1. Legal framework Corruption of foreign public officials is regulated by Articles 311 and 312 of the Kazakhstani Criminal Code. These are the same articles that apply to bribing domestic public officials. Unlike in other countries, such as the United States or United Kingdom, Kazakhstan’s prohibition against bribing foreign public officials does not extend beyond its borders except in very specific cases. The Kazakhstani Criminal Code only views bribing foreign officials as a crime in the following cases: (a) If the bribery of a foreign public official was committed outside of Kazakhstan by a Kazakhstani citizen and was not prosecuted in the state in which it was committed (b) If the bribery of a foreign public official was committed outside of Kazakhstan by a non-Kazakhstani citizen directly against the interest of Kazakhstan, and was not prosecuted in the state in which it was committed (c) If the bribery of a foreign public official was committed outside of Kazakhstan by a non-Kazakhstani citizen and was not prosecuted in the state it was committed, and bribery is subject to an international treaty to which Kazakhstan and this state are a party 2. Definition of corruption of foreign public officials Kazakhstan’s Criminal Code provides just one definition for corruption of both domestic and foreign public officials. 3. Definition of foreign public officials In relation to this crime, foreign public officials are defined as foreign state authorities empowered with administrative authority over persons that are not their subordinates, or persons with managing or administrative functions in foreign state bodies, municipalities or military forces. 4. Consequences of corruption of foreign public officials Since Kazakhstani legislation does not differentiate between bribery of foreign and domestic officials, the consequences are the same as those mentioned in Section 1.4 above. 5. Limitations on hospitality expenses (gifts, travel, meals, entertainment, amongst others) The limitations on hospitality expenses of domestic officials do not apply to hospitality of foreign public officials because the Law on State Service only applies to Kazakhstani public officials.

Facilitation payments

Kazakhstani anti-corruption laws do not regulate facilitating payments (e.g., modest payments to a public official to encourage him or her to perform an act he or she is legally required to perform) or gifts provided in accordance with generally accepted norms of courtesy and hospitality. Thus, as a general rule, the provision of facilitating payments could lead to liability under the Criminal or Administrative Code.

Compliance programmes

1. Value of the compliance programme in mitigating/eliminating the criminal liability of legal entities Whilst Kazakhstani legislation provides for the administrative (not criminal) liability of legal entities, compliance programmes within the company do not help to either mitigate or eliminate the company’s liability for corruption. 2. Lack of a compliance programme as a crime Kazakhstani legislation does not recognise the absence of a compliance programme as a crime. 3. Elements of a compliance programme (a) Legal framework At present, Kazakhstani legislation does not require companies operating in Kazakhstan to have internal compliance programmes. However, as noted in Section 5.3 (b) below, such requirement has been recently introduced in neighbouring Russia; hence, it is possible that Kazakhstan will change its rules soon to introduce such a requirement. Further, at present, Kazakhstani legislation does not provide for the criminal liability of legal entities (legal entities could only be subjected to administrative liability – mainly fines). Nevertheless, compliance programmes proved to be an effective tool in increasing local companies and their employees’ general awareness of the applicable regulatory regime and potential risks. (b) Recommended practice In the absence of relevant Kazakhstani legislation, court practice and doctrine regarding compliance programmes, the closest guidelines may be taken from the newly introduced Article 13.3 of the Russian Law on Combatting Bribery. This Article 13.3 requires Russian companies to undertake measures to prevent corruption. These measures, according to Article 13.3, may include the adoption of a compliance programme. Presently, no similar requirements exist in Kazakhstan, but in view of strengthening integration processes within the framework of the Customs Union (Belarus, Kazakhstan and the Russian Federation) and harmonisation of these counties’ legislation, it is possible that similar legislative provisions will soon be adopted in Kazakhstan.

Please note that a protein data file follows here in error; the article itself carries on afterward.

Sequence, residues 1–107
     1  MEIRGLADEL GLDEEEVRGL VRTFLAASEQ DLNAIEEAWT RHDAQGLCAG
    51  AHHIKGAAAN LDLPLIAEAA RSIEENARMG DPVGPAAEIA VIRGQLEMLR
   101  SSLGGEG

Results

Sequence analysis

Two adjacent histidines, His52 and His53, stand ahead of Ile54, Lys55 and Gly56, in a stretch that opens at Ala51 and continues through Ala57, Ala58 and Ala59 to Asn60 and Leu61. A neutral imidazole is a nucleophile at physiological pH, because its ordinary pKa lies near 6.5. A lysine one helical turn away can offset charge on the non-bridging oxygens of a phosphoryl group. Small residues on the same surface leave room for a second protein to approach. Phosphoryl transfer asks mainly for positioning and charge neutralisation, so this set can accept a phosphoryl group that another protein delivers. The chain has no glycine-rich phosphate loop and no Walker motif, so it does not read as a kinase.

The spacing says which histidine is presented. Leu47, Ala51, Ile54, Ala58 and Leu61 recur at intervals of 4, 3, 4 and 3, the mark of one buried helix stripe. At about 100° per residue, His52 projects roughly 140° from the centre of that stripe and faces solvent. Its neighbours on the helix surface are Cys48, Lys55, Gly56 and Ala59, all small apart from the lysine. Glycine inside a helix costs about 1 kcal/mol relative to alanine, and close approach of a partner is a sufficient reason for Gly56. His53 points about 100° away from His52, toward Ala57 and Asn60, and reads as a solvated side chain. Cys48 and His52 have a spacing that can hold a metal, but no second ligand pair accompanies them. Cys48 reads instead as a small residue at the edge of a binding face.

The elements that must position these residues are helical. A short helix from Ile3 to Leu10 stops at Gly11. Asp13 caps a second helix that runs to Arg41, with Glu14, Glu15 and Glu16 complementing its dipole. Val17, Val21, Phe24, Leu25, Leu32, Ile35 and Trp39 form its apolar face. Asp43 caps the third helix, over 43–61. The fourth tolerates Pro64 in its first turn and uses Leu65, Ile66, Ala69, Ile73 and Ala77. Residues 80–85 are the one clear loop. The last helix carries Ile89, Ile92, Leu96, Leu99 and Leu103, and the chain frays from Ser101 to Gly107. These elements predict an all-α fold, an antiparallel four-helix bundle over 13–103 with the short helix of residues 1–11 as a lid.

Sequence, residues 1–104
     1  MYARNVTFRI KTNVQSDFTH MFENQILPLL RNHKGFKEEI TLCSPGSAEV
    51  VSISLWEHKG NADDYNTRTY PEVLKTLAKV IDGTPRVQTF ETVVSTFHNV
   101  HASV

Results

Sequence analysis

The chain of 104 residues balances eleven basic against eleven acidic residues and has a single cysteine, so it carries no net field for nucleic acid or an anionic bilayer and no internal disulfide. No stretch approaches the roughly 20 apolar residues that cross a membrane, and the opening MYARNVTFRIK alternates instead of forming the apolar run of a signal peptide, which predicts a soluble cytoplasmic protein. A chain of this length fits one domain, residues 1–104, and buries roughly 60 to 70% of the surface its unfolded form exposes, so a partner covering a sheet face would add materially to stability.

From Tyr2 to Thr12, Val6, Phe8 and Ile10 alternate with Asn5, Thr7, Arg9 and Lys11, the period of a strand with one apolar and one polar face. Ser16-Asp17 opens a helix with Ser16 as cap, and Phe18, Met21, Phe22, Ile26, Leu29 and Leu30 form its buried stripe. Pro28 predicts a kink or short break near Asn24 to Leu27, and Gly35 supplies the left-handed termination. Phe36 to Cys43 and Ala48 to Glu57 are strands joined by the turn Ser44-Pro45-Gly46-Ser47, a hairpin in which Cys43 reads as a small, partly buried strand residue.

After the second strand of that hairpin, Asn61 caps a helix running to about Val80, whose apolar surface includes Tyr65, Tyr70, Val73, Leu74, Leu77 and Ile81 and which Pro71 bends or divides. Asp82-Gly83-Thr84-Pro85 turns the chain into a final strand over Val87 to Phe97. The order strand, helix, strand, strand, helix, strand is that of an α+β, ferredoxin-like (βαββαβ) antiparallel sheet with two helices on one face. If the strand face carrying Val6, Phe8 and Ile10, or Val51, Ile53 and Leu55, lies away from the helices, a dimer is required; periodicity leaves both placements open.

Regulator with the jurisdiction to prosecute corruption

Under Kazakhstani legislation, the only agency tasked with prosecuting corruption is the Agency of the Republic of Kazakhstan on Combatting Economic and Corruption Crimes (also known as the financial police). This agency reports directly to the president of Kazakhstan. ——- 1 Law on State Service dated 23 July 1999 No. 453-I 2 Law on Combatting Corruption dated 2 July 1998 No. 267-I 3 Law on Political Parties dated 15 July 2002 No. 344-II * Azamat Kuatbekov is a partner and Roman Butenko is a lawyer in Baker McKenzie’s Kazakhstan office

The above article is a chapter of Baker McKenzie’s publication “Overview of Anti-Bribery Laws in EMEA” (2014). Please send us an email if you would like to receive a copy of the print version of the publication or click below to download the file. [wpdm_file id=1]